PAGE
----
Gayle Neufeld's summer job is a walk on the beach.
Then park managers and researchers trace her steps through Glacier Bay National Park and Preserve all winter, from their desks.
If a cruise ship hit a rock and oil were spilling into the water, they would know with a mouse click what kind of shore is nearby and where to place booms to protect seaweed beds, bird nests and salmon streams.
Every plant, animal and stream Neufeld's path crosses is added to a computerized map of Glacier Bay. The National Park Service embarked on the 1,100-mile mapping project in 1997 to help protect and restore the bay if it is ever threatened by an oil spill or other disaster. It's also a model project being replicated in at least seven other Alaska parks and soon in other states.
On the front lines are Neufeld and other CoastWalkers, as the Park Service calls the scientists who survey the beaches in their unofficial uniform, Helly Hansen rain gear and rubber boots. Neufeld and her partner for the day take pictures and check off all the plants and animals they find.
``We flip over rocks and look in all the nooks and crannies, way down from the water level and as far up as we can get,'' Neufeld said.
The entire shoreline is divided into 25,000 segments, each 0.1 to 0.25 miles long. CoastWalkers spend eight minutes to an hour on each stretch of beach, depending on how large and complex it is.
``One of our favorite sayings was, `May your segments be long and typical,''' said Dan VanLeeuwen, one of the original CoastWalkers. ``Then you could walk a while before you had to work again. Then it was just a walk on the beach.''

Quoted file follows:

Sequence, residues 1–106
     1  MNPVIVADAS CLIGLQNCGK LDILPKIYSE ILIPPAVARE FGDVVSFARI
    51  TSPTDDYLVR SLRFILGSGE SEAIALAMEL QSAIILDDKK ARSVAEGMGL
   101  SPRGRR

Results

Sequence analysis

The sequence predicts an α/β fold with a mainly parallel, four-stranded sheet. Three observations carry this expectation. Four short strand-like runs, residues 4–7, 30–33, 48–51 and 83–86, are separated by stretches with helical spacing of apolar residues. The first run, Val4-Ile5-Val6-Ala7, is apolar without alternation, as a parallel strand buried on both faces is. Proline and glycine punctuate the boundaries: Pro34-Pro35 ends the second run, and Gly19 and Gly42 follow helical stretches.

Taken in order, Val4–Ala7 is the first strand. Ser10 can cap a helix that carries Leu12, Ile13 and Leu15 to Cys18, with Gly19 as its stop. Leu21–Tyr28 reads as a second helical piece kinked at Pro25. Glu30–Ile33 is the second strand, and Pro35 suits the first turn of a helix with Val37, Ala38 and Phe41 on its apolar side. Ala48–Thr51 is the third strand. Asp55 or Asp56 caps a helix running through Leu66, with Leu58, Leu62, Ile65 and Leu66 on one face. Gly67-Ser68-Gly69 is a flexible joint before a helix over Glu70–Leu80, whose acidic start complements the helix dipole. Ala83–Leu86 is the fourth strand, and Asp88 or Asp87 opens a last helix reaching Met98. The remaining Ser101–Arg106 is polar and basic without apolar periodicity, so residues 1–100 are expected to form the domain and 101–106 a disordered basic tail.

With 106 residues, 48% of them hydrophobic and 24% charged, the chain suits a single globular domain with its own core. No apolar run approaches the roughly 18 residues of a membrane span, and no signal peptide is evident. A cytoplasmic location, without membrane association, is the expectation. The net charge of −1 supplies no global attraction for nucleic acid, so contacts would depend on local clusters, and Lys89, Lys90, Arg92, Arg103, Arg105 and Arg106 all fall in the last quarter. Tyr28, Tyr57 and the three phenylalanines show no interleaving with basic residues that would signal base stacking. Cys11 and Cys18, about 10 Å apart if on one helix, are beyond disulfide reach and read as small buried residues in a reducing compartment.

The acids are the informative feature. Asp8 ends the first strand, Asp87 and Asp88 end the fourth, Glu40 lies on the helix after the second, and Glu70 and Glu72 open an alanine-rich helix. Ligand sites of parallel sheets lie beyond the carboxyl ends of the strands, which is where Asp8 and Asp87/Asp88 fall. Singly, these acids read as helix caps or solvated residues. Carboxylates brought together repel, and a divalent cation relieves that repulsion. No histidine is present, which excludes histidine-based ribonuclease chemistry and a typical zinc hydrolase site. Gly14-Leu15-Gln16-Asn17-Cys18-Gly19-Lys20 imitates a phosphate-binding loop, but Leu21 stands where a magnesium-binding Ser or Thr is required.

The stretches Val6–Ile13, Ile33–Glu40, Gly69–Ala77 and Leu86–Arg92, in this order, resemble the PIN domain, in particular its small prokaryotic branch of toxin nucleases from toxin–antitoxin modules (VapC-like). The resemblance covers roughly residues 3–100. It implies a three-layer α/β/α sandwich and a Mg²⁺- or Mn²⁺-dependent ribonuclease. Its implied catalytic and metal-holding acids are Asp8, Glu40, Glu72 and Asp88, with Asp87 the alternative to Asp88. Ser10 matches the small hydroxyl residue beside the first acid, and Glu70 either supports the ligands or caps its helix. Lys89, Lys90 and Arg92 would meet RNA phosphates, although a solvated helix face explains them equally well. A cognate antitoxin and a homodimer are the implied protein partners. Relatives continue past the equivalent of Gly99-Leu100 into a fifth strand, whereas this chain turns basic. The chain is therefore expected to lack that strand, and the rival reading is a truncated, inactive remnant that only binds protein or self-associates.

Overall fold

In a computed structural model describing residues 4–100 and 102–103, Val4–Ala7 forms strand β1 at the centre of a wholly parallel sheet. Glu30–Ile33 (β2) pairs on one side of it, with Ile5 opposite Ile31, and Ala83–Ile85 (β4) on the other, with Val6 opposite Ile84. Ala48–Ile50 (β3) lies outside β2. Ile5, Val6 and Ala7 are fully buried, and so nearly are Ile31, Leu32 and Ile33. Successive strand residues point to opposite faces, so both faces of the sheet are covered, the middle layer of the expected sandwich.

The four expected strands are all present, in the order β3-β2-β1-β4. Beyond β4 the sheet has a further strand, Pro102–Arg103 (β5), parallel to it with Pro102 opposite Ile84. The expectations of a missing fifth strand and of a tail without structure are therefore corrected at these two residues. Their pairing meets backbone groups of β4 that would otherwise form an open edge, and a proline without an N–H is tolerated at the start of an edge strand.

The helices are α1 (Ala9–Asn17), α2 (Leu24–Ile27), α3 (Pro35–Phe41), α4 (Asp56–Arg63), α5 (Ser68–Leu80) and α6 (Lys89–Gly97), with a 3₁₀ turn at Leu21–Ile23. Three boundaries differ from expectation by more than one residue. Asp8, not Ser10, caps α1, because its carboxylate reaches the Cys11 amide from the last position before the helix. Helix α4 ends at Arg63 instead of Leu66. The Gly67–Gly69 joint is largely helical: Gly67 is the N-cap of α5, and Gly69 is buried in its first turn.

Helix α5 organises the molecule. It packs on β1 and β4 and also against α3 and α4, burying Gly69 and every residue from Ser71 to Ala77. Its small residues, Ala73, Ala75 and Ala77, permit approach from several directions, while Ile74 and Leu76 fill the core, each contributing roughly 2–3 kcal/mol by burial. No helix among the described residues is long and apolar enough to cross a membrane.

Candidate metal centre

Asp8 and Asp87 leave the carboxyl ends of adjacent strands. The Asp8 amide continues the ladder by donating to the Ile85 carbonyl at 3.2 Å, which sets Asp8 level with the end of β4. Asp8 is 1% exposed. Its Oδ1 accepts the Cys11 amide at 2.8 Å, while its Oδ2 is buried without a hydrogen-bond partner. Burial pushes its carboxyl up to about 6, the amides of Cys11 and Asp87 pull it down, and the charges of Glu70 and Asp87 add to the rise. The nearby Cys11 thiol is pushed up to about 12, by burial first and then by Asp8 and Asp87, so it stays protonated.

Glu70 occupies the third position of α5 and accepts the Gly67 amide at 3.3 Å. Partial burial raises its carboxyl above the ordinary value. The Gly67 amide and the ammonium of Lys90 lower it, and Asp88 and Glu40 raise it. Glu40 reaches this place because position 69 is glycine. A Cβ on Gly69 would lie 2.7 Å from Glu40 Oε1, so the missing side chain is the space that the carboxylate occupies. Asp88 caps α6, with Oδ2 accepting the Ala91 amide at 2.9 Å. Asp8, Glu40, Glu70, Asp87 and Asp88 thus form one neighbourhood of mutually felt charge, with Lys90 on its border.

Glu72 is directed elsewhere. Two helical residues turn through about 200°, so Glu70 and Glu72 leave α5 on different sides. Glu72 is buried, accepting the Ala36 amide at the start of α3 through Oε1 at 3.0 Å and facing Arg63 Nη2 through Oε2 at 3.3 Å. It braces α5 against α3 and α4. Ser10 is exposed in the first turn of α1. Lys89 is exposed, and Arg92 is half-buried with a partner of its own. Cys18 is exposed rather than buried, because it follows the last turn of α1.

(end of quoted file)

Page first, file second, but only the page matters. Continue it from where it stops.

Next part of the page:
Occasionally they found something unusual on the beach -- moose antlers or a giant squid that washed ashore the first year. Its head was 3 feet long.
After a week on the beach, Neufeld and the other CoastWalkers return to the National Park Service headquarters in Gustavus to enter the information into a computer database.
``Anyone, in two or three mouse clicks, can enter this database and they can literally walk the beach,'' said coastal ecologist Lewis Sharman, who manages the coastal mapping project. ``You don't even need to know how to type.''
Seconds after booting up the program, Sharman was looking at a map of Glacier Bay. He clicked in on a portion of the beach. There were photos and descriptions of everything, from the slope and soil to what kind of animals live in the tide pools.
``You can actually see individual barnacles,'' Sharman said. ``We've gone, in a couple mouse clicks, from a map of Glacier Bay to an actual square of beach.''
Other agencies are interested in the database, including the Alaska Department of Fish and Game, the U.S. Coast Guard and the National Oceanic and Atmospheric Administration.
``It will dovetail perfectly with our maps,'' said John Whitney, NOAA Scientific Support Coordinator. ``All of our maps are computer- and GIS-compatible, but they're at a scale that is much smaller than what they (Sharman and the National Park Service) are talking about.''
NOAA will use the data for biological sensitivity maps preparing for oil spills. The maps assign a level of sensitivity to all the beaches, from 1 for rock cliffs that clean themselves to 10 for marshes and tideland that soak up contaminants like a sponge.
``You can decide in advance which beaches you want to protect by booming or some other means so oil doesn't get there,'' Whitney said. ``You would protect a marshy, swampy tide land much more so than a rocky headland.''
Many of the beaches in Southeast Alaska are sheltered and harbor a great number of plants and animals, putting them near the top of the sensitivity scale, Whitney said. There's also the scenic and aesthetic value to protect.
``People tend to be pretty, shall I say, pretty emotional about oil spills,'' Whitney said. ``Decisions tend to be difficult to make in the heat of the battle. If you've made those decisions in advance, it's easier.''
Though the CoastWalkers are scientists, Sharman insisted the information they collect is written in standard English rather than scientific jargon, so anyone can read it. Measurements are given as comparisons to heads, billiard balls, peas or other common items rather than in metrics. Each animal also has a description page, with a photo as well as common and Tlingit names alongside the scientific name.
Eventually Sharman plans to put the information on the Internet, so anybody can enjoy a virtual visit to Glacier Bay.